Irrational expectations and econometric practice: discussion of Orphanides and Williams, "Inflation scares and forecast-based monetary policy"
Athanasios Orphanides and John C. Williams' excellent conference paper, "Inflation Scares and Forecast-Based Monetary Policy," contributes importantly to the new and rapidly growing branch of the literature on bounded rationality and learning in macroeconomics. Their paper, like many others, derives interesting and useful theoretical results that show how the introduction of bounded rationality and learning impacts on the effects of monetary policy shocks and the characteristics of optimal monetary policy rules. This note suggests that some additional empirical work-some "irrational expectations econometrics," if you will-might serve to make these purely theoretical results seem more relevant and convincing.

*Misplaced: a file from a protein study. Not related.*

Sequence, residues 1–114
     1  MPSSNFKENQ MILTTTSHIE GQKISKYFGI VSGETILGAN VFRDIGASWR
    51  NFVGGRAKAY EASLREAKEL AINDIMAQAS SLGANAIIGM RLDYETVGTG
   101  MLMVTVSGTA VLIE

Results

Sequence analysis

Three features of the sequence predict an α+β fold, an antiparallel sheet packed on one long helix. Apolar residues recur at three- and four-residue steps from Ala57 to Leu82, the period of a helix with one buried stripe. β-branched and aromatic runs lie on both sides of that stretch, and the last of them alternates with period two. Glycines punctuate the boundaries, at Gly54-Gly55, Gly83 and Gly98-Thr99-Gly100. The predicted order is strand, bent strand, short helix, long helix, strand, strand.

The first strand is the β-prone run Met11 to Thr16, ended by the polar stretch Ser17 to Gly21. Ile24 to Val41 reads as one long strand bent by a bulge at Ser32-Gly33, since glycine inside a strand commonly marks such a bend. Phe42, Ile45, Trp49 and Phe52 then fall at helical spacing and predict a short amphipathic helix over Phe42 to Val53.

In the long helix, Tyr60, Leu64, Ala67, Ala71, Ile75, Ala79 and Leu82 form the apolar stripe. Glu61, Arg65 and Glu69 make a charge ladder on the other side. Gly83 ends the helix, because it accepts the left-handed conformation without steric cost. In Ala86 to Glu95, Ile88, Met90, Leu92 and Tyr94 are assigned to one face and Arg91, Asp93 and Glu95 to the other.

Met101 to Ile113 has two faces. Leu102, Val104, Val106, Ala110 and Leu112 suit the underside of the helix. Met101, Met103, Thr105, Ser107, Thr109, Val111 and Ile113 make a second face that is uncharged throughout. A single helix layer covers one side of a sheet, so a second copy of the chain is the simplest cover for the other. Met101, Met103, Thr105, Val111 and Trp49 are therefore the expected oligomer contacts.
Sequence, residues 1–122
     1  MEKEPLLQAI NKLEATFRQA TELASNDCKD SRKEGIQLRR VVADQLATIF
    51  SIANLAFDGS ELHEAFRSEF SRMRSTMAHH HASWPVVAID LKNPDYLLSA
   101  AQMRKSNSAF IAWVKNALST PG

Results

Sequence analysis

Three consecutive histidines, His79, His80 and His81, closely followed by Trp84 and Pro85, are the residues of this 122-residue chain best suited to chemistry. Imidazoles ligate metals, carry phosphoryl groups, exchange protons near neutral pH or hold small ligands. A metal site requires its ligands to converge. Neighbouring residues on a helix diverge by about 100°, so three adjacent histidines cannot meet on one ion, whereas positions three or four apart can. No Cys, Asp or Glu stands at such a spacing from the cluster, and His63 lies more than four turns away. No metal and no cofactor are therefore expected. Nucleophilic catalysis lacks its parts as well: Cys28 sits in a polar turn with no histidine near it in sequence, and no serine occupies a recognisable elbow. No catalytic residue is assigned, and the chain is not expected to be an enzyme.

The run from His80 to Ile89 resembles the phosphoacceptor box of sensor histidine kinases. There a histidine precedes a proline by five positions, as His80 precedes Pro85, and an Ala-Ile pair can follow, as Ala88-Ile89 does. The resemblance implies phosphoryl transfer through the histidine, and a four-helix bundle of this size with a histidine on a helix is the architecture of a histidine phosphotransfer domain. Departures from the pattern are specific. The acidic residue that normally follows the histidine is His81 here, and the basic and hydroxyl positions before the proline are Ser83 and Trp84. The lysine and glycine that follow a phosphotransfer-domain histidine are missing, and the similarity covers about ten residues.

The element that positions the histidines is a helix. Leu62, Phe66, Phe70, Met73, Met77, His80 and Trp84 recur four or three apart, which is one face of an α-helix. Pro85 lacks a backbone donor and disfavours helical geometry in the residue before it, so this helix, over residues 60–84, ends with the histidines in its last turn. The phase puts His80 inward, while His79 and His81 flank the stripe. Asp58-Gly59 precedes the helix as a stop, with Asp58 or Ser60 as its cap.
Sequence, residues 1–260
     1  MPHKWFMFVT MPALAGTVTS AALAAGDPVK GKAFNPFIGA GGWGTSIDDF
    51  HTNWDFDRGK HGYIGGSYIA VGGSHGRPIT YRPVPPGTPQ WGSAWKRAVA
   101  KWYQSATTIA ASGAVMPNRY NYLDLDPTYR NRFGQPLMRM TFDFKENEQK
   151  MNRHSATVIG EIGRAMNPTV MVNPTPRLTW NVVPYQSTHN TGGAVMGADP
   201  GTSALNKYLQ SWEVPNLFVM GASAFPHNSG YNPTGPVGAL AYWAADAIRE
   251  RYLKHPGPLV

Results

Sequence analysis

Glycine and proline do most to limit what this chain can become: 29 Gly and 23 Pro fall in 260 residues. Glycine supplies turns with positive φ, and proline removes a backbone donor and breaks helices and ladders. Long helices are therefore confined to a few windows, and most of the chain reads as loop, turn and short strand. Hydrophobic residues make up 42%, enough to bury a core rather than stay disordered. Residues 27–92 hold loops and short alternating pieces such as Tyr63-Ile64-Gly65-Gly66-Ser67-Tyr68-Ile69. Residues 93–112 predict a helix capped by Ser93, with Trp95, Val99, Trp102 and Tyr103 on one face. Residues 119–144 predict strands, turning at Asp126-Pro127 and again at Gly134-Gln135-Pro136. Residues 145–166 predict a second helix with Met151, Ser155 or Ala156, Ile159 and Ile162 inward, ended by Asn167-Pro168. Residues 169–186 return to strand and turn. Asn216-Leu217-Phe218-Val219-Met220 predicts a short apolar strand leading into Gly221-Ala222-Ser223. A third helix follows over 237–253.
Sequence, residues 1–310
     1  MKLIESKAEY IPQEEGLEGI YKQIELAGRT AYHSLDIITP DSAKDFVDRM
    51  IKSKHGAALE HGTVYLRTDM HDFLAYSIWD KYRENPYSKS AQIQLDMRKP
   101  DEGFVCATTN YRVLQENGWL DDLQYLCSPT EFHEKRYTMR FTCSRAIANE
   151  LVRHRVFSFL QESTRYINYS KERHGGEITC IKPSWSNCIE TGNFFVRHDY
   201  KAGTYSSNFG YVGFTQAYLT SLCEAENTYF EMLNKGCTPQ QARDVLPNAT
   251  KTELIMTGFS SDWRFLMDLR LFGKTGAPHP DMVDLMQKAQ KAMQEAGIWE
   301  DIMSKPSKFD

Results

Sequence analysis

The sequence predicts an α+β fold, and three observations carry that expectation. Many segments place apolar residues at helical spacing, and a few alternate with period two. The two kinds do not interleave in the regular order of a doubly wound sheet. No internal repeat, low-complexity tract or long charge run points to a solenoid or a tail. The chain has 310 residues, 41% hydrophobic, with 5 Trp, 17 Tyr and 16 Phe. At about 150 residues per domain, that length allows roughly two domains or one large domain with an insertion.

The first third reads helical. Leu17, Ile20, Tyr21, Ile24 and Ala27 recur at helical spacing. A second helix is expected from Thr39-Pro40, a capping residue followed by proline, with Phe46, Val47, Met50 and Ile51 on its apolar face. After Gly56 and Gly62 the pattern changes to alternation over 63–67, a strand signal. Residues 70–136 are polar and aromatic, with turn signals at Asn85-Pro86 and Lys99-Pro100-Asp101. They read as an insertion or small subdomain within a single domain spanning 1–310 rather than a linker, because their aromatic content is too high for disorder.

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References listed on IDEAS
Please report citation or reference errors to , or , if you are the registered author of the cited work, log in to your RePEc Author Service profile, click on "citations" and make appropriate adjustments.:
- Hansen, Lars Peter & Sargent, Thomas J., 1980.
"Formulating and estimating dynamic linear rational expectations models,"
Journal of Economic Dynamics and Control,
Elsevier, vol. 2(1), pages 7-46, May.
- Lars Peter Hansen & Thomas J. Sargent, 1979. "Formulating and estimating dynamic linear rational expectations models," Working Papers 127, Federal Reserve Bank of Minneapolis.
- Baak, Saang Joon, 1999. "Tests for bounded rationality with a linear dynamic model distorted by heterogeneous expectations," Journal of Economic Dynamics and Control, Elsevier, vol. 23(9-10), pages 1517-1543, September.
- Chavas, Jean-Paul, 2000. "On information and market dynamics: The case of the U.S. beef market," Journal of Economic Dynamics and Control, Elsevier, vol. 24(5-7), pages 833-853, June. Full references (including those not matched with items on IDEAS)